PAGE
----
Professor Peter Tuthill
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Professor Peter Tuthill

+61 2 9351 3679
+61 2 9351 7726
A28 - Physics Building
The University of Sydney
Professor Peter Tuthill

Professor Peter Tuthill is an expert in astrophysical imaging; studying stars and their immediate environments with unprecedented resolution. After obtaining undergraduate degrees in physics at University of Queensland and the Australian National University, Peter moved to Cambridge University graduating with a PhD in 1995. For the next 5 years, he worked as a Research Astronomer at the University of California in Berkeley in a research group led by Nobel Laureate, Professor Charles Townes. Peter returned to Australia with the millenium, holding a number of Australian Research Council fellowships up to his present appointment as a Future Fellow. Peter works at the Sydney Institute for Astronomy - one of the largest astrophysics groups in the country - serving as director from 2010-2015.

The core research themes being explored in my group lie in astronomical imaging, interferometry, photonics and advanced astronomical instrumentation. These technologies are giving humanity its first ever window into the intimate lives of stars: how they are born and how they die. The physics associated with phenomena in the very immediate circumstellar environoment of stars, right down to the stellar surface itself, has been imaged in exquisite detail with our experiments, revealing dramatic plumes, wakes, shocks, flows and disks. These are of profound significance in understanding the life cycle of stars, for the winds and flows from the last generation of dying stars seeds the galaxy with heavy elements such as Carbon, Nitrogen and Oxygen: an enrichment process of critical importance to forming future stellar systems and perhaps most exciting of all, their families of circling planets. Such exoplanets are now known to be ubiquitious throughout the Galaxy, however capturing an image of the faint mote of light betraying a planet next to the overwhelming glare of its host star is the most audacious of the research themes being pursured within my group. Our masking interferometry technique, now implemented at almost all of the world's largest telescopes, has proved to be the most successful in its domain delviering a handful of spectacular detections of planets at the epoch of formation. Our group now has active projects at premier world observatories (Subaru, Keck, VLT, LBT) to further advance the sophistication of these interferometric technologies, so that we move from an era of exoplanetary detection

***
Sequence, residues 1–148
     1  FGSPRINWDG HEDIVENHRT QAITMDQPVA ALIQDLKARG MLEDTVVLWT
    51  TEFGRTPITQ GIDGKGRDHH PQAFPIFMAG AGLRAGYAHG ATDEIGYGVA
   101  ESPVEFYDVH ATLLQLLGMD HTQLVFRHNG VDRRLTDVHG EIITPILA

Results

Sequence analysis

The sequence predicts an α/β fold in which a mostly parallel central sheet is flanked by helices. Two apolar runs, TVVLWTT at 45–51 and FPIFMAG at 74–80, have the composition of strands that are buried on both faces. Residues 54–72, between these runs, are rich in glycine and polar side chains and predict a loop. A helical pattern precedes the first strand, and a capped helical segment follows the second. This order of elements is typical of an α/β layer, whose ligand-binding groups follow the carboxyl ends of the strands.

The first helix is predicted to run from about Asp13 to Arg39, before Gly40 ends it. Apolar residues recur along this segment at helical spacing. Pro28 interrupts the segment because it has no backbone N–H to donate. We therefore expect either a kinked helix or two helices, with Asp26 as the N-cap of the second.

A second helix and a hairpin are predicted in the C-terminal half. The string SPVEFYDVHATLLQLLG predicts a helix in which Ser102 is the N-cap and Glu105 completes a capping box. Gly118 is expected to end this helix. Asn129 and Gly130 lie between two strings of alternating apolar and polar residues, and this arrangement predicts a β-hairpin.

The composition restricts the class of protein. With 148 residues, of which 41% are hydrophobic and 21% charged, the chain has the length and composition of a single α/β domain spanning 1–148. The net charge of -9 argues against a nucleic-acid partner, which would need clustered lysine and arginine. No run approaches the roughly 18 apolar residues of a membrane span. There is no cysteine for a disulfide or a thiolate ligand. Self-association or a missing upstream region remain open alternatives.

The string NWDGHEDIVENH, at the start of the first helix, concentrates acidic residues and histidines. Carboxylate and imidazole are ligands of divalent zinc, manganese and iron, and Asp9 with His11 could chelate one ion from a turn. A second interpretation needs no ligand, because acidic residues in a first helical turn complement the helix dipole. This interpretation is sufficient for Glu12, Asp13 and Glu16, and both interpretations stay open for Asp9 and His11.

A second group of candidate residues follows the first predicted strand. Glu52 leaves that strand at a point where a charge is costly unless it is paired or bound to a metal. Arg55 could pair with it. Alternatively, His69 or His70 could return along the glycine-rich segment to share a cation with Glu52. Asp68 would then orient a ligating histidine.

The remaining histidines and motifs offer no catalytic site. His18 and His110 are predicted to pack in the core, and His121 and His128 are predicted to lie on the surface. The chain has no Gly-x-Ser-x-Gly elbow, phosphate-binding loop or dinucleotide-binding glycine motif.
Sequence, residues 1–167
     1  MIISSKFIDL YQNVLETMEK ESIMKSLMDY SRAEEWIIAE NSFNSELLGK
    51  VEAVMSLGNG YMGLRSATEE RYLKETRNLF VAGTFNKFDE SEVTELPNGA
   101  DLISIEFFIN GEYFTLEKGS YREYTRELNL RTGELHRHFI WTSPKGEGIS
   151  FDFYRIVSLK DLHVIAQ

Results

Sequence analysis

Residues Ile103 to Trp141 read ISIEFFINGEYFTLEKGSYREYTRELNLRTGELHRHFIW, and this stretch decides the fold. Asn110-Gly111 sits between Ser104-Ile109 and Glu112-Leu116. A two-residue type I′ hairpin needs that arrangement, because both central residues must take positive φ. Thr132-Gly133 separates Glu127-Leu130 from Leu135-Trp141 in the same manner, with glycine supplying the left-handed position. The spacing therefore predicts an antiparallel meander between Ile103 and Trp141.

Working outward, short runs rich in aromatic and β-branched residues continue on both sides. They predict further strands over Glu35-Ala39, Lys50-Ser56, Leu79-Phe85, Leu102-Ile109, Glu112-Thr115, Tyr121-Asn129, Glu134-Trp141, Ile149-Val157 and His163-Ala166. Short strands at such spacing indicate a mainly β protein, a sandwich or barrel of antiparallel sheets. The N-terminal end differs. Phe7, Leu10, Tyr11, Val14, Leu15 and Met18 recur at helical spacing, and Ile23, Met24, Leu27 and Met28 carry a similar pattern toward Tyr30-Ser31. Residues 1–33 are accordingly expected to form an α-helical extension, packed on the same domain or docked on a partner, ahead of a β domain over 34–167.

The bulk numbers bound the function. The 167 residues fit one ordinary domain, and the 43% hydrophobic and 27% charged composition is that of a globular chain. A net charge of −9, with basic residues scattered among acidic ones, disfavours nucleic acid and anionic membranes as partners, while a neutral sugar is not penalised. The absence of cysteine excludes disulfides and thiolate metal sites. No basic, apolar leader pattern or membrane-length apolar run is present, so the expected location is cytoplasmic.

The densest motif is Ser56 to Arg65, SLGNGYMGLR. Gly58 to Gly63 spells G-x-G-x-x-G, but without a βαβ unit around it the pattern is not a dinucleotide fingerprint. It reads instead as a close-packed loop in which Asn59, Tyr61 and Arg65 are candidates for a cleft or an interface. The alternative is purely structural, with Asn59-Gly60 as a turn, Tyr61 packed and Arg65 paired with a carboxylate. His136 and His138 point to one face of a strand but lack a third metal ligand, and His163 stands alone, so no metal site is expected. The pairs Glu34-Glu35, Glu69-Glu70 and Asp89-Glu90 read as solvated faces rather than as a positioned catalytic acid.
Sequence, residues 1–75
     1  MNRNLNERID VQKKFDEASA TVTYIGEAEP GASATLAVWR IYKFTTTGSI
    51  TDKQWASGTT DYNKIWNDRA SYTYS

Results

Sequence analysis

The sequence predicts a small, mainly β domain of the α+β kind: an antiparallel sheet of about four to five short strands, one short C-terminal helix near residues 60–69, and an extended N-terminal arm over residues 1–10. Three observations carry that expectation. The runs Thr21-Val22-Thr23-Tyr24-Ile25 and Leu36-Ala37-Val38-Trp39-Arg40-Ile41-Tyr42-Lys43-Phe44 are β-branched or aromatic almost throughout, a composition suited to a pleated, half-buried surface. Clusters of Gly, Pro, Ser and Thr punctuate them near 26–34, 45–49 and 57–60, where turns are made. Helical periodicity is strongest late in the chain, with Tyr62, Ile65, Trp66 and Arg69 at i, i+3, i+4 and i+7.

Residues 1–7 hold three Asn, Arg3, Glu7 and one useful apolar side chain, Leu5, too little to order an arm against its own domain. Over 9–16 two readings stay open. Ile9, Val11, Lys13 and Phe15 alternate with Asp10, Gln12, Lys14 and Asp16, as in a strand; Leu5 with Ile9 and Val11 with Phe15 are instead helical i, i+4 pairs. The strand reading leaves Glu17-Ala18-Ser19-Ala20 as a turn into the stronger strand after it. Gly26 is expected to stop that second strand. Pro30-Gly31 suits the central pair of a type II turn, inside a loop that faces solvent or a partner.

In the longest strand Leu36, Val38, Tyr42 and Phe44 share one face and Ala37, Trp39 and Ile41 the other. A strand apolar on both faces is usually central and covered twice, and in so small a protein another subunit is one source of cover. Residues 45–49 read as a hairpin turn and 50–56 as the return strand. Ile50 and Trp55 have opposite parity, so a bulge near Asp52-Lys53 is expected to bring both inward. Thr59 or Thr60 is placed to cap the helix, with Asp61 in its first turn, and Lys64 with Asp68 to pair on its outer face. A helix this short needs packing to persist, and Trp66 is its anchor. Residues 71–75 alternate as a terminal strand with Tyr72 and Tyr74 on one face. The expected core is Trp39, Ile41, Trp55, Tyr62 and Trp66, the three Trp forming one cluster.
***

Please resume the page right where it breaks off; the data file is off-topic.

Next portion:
to one of exploration and characterisation, probing for chemistry and biosignatures in planetary atmospheres.

  • 2014 CISRA/CANON Extreme Imaging Award (runner up project)
  • 2013 CISRA/CANON Extreme Imaging Award (winning project)
  • 2011 ARC Future Fellowship (U.Syd)
  • 2009 Director, Sydney Institute for Astronomy (U.Syd continuing)
  • 2007 ARC QEII Fellowship (U.Syd)
  • 2005 Eureak Prize for Scientific Research (Australian Museum)
  • 2002 Australian Research Fellowship (U.Syd)
  • 1999 U2000 Fellowship (U.Syd)
  • 1995 Lindemann Trust Fellowship (U.California Berkeley)
  • 1994 Philosophical Society Fellowship (University of Cambridge)
  • 1991 Cambridge Commonwealth Trust Packer Scholarship (University of Cambridge)
  • 1991 ORS Award (University of Cambridge)


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Selected Grants


  • Exoplanetary Discovery with the James Webb Space Telescope, Tuthill P, Sivaramakrishnan A, Doyon R, Australian Research Council (ARC)/Discovery Projects (DP)


  • Imaging survey of habitable-zone exoplanets with GLINT, Tuthill P, Guyon O, Leon-Saval S, Norris B, Lawrence J, Withford M, Australian Research Council (ARC)/Discovery Projects (DP)

In the media

"Gemini Planet Imager - a new eye to scan the sky for exoplanets"

Article in "The Conversation"

Astronomers have just taken delivery of the shiniest new toy in the hunt for exoplanets: an extreme adaptive optics systems, now being commissioned at the Gemini South observatory .... More

"Postcards from the Solar System’s edge"

Press release about the 2014 CISRA/CANON Extreme Imaging Award.

PhD Student Paul Stewart together with his thesis advisor Prof Peter Tuthill won the runner-up prize for an innovative imaging experiment conducted from NASA's Cassini spacecraft in orbit around Saturn ... More

Related research articles

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